Industry experts believe that releasing the land held by government bodies, development of peripheral areas in proximity to business centers and streamlining the approval process is a must in order to achieve ‘Housing for All’ by 2022.
While there has been much talk around the Pradhan Mantri Awas Yojana by 2022 (Housing for All) scheme, when it comes to its implementation, not much is being said. 99acres gathered the below suggestions from industry experts along with ideal models that we can learn from.
Models from which we can learn:
In India, Rao says, “models such as Gujarat Housing Model, DDA land pooling policy and the Rajasthan PPP model can be replicated or learned from. These are all successful models that have delivered thousands of affordable housing units.”
Apart from this, there are various models that are in operations abroad that can be tweaked in India. Jain gives an example of Singapore:
Public housing in Singapore is developed and operated by Housing Development Board (HDB), which is an intermediary between the government and the end-users. Over the half-century since gaining self-governance, the country’s comprehensive approach to develop housing has produced more than one million homes, housing more than 80 per cent of the population.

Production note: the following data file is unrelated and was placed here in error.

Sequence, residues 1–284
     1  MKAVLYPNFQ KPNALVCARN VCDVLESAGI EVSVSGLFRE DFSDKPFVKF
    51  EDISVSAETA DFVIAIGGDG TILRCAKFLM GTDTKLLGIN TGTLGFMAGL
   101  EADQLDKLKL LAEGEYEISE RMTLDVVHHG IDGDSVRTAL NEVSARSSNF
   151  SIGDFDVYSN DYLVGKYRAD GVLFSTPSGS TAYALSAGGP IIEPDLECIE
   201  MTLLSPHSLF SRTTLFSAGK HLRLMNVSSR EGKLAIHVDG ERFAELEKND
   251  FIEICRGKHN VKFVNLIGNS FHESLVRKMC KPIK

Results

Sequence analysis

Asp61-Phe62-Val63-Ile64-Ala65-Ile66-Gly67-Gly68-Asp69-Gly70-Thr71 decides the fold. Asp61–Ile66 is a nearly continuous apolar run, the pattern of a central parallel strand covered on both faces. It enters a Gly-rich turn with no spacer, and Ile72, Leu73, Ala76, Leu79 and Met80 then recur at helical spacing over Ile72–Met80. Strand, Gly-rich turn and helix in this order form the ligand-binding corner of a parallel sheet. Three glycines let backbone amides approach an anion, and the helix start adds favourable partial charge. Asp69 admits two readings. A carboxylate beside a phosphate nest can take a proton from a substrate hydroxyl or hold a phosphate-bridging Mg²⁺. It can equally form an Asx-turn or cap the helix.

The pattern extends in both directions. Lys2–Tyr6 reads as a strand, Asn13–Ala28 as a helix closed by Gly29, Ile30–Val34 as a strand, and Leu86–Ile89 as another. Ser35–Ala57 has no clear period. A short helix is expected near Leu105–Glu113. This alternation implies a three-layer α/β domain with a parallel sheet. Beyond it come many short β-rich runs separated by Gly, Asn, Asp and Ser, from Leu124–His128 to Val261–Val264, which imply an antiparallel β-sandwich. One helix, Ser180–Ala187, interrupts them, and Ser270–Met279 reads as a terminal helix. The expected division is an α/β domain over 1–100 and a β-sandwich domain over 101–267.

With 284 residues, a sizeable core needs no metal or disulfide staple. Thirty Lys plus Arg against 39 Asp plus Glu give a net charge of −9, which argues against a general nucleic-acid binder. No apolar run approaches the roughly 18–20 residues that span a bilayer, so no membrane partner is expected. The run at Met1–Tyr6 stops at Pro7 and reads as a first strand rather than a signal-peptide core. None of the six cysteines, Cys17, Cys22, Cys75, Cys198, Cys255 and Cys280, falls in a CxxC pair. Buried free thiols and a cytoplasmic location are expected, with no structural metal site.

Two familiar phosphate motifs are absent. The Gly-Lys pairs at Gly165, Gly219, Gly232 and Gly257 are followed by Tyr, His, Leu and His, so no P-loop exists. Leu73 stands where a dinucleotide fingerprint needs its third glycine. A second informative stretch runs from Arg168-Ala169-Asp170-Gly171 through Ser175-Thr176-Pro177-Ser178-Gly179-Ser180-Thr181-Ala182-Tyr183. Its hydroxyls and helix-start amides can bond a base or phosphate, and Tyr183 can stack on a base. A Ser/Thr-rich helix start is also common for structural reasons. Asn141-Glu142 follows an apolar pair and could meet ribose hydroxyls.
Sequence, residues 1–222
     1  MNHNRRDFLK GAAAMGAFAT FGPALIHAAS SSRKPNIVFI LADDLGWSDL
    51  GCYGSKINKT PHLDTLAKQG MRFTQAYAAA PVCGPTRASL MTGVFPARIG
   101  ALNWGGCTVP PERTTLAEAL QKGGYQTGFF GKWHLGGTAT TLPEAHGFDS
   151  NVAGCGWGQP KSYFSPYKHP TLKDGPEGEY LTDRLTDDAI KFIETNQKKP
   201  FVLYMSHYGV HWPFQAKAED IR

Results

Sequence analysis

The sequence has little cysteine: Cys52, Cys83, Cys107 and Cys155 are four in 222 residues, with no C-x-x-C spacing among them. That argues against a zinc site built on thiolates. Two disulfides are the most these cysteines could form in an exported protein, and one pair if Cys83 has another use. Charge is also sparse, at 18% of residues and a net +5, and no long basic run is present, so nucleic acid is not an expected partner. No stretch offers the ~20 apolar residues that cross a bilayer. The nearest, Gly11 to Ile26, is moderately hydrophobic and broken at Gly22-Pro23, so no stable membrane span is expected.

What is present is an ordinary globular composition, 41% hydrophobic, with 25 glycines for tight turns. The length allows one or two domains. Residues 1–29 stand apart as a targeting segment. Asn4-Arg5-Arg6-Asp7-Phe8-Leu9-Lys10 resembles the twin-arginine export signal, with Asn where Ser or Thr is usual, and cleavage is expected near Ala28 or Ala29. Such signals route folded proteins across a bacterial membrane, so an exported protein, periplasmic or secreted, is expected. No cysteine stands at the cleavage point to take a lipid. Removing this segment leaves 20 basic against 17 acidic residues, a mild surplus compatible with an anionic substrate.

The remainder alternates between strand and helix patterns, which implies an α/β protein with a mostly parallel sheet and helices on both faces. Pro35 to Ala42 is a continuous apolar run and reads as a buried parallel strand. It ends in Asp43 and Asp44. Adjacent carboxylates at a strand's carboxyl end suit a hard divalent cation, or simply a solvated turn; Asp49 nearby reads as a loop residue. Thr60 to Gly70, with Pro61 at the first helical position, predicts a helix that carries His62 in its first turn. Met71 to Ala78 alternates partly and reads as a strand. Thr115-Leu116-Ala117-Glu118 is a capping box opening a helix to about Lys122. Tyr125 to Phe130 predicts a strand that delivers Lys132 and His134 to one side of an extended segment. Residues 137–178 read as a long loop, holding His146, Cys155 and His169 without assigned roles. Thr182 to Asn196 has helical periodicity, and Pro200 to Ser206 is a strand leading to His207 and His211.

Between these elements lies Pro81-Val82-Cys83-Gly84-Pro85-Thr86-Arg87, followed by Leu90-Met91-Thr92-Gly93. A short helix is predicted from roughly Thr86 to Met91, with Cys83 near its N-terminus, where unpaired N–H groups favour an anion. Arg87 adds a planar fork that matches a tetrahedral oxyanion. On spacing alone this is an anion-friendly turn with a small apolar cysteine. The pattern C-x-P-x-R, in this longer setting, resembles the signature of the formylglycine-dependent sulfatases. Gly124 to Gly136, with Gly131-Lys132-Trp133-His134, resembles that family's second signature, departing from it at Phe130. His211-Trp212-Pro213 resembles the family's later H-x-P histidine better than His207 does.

When Singapore’s HDB was created in 1960, less than nine per cent of Singaporeans lived in government housing. HDB first needed to acquire land, a scarce and costly resource in a country that is just over 700 sq kms. The government passed a series of laws to expedite the process of acquiring private land that allows it to acquire property at the current use value, which is often below the market price since the current use is at low density levels and does not account for the full development potential of the land after densification and infrastructure improvements. HDB then acquires this land from the government at a further discount, allowing for a significant reduction in costs.
Land is then rezoned to allow for significantly higher density and the government invests in infrastructure development in these areas. Furthermore, HDB recoups some of the land cost through leasehold sales, under which flats are sold under 99-year leases, with the government retaining ownership of the land. HDB provides 25-30 year term loans at interest rates that are 1-5 per cent lower than market rates. HDB uses a combination of subsidy, low-interest loans, and direct savings through the Central Provident Fund, a mandatory government savings account to fund social security payments. HDB offers mortgage loans to eligible buyers, which are funded by government and offered at the Central Provident Fund saving rate plus one percentage point.